4.2. Discussion
From Tables 2 and 3, it is obviously seen that sensitivity values of SVM prediction model were always higher than those of ELM model with respect to the five different classes. For example, sensitivity values of class 2, class 3, and class 4 using SVM model were 0.813, 0.876, and 1.000, respectively, while the values of those three classes using ELM model were only 0.688, 0.813, and 0.875. Meanwhile, values of the SVM model were commonly lower than that of ELM model; for instance, values of the three middle classes using SVM model were only 0.016, 0.047, and 0.016, respectively, and nevertheless the values of the same three categories using ELM reached 0.016, 0.031, and 0.109. It was the true case that predictive classification performance of SVM model is better than that of ELM model for each class to be identified. Among the five different classes especially the middle three classes, that is, class 2, class 3, and class 4, it was often the case that, by using SVM model, there is only one adjacent aging period gap between the true categories and estimated ones. For example, the true category of the sample image was “class 2,” while predictive category of it was “class 3.”
Relating to the overall classification results, reported in Table 4, it can be obtained that averaged classification accuracy of calibration dataset using ELM can be 91.5%, and that of validation dataset was 86.3%. Classification accuracy of the classifier using SVM was relatively higher than that of ELM; its averaged classification accuracy of calibration dataset was 93.8%, and that of validation dataset reached 92.5%.
With regard to the first classifier, from the program running results of the classification using ELM neural network, it can be known that this classifier can achieve acceptable classification accuracy. In ELM neural network classification, the number of hidden layer neurons of training function is a very important parameter, and with regard to ELM classifier this parameter value mentioned above has a very significant impact. It showed that through training function repeatedly running as the number of the hidden layer neurons was close to 17 relatively high classification accuracy can be achieved. However, continuing to increase the number of the hidden layer neurons, classification prediction accuracy of test set samples would not increase significantly consequently. As for the second classifier, from the program running results of the classifier using SVM, it can be seen that the classifier can obtain higher classification accuracy than the former. In other words, the number of misjudged samples by using SVM model was a little lower than that of ELM. In view of the classification prediction accuracy, accuracy of ELM was slightly lower than that of SVM actually, and for the goal of getting a higher classification accuracy determination of the number of hidden layer neurons using ELM classifier needs to run program repetitively, and it may take a very long time. However, the number of called function and optimal parameters of ELM classifier were much less than that of SVM, so its parameter setting process was relatively simpler and faster.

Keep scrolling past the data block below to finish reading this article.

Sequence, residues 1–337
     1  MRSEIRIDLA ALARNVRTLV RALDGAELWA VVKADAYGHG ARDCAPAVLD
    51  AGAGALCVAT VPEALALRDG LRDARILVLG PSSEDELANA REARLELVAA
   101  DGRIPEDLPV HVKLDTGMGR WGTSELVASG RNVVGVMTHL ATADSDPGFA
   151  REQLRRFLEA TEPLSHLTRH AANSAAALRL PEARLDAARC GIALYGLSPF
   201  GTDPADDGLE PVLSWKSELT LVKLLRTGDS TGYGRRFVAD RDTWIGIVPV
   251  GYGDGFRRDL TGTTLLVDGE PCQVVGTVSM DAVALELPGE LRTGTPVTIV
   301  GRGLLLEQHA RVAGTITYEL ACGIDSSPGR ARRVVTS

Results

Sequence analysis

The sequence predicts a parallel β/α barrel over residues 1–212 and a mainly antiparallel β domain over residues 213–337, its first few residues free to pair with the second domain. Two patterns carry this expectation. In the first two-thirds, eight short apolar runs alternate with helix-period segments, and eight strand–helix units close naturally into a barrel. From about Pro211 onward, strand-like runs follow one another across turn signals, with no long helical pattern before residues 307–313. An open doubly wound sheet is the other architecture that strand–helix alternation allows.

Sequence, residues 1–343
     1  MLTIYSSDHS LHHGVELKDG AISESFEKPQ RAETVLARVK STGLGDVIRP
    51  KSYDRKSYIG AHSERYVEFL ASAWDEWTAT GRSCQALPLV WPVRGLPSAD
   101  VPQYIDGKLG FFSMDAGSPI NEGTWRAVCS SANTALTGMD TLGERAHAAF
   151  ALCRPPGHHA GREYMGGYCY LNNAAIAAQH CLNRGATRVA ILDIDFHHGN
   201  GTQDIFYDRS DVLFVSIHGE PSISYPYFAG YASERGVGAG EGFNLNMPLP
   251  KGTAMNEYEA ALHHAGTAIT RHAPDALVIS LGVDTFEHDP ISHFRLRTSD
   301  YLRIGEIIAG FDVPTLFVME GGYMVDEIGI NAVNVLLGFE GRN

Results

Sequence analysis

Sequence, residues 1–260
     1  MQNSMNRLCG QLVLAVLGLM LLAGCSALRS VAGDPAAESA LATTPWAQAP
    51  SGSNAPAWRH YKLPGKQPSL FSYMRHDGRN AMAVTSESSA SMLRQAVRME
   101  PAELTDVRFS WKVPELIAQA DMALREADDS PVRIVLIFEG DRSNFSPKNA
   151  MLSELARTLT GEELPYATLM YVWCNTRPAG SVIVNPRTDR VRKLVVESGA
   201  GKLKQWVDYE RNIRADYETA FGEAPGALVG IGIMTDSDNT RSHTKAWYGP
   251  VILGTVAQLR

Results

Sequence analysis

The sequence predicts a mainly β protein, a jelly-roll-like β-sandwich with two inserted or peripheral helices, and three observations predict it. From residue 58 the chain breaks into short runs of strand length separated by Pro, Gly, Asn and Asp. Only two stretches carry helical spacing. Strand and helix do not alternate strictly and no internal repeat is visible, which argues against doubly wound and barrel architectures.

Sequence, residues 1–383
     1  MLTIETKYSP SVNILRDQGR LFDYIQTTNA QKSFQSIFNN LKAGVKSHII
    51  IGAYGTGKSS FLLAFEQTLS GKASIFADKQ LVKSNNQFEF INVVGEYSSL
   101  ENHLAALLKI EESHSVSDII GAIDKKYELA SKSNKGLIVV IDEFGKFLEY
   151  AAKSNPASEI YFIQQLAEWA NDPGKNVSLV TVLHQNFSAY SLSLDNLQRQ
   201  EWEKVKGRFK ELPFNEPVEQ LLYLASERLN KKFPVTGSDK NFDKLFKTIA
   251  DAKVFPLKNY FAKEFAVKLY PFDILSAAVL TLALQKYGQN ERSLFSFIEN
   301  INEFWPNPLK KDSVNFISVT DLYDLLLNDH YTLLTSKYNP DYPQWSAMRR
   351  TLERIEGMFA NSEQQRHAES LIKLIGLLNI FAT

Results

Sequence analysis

5. Conclusions
In summary, research results in this paper indicate that AMT method can well describe the textural feature of SEM images of microscopic surface topography of the composite. AMT method is capable of expressing discriminating and quantitative characterizations of texture complexity of SEM images. The feasibility and effectiveness of textural feature extraction using AMT method has been proved. According to extracted AMT spectra of SEM images of wheat straw/polypropylene composites in five different aging periods, two classifiers based on ELM and SVM were applied to identify those different aging stages. For the two models SVM model performed better than ELM model in general according to the sensitivity and values and ROC curves and the overall classification accuracy. Classification approach of SEM images by using AMT spectra and classifier based on this complexity scale data has been verified. It can be expected that growing applications based on AMT method, including research and development of new type composite material, will be increasingly and intensively investigated in more and more aspects.
Conflict of Interests
The authors declare that there is no conflict of interests regarding the publication of this paper.
Acknowledgments
This work was supported by the Funded Projects of “Twelfth FiveYear” National Science and Technology Support Plan (Grant no. 2011BAD20B0302), Basic Scientific Research Special Funds for the Central Universities (no. KYZ200921), and Open Project of Jiangsu Key Laboratory of Large Engineering Equipment Detection and Control (no. JSKLEDC201204). Particularly, sincere and deep thanks are due to Professor K. Kvaal who gave the authors so much guidance and inspiration continually, and it has never been changing that his help finds the authors well and timely always.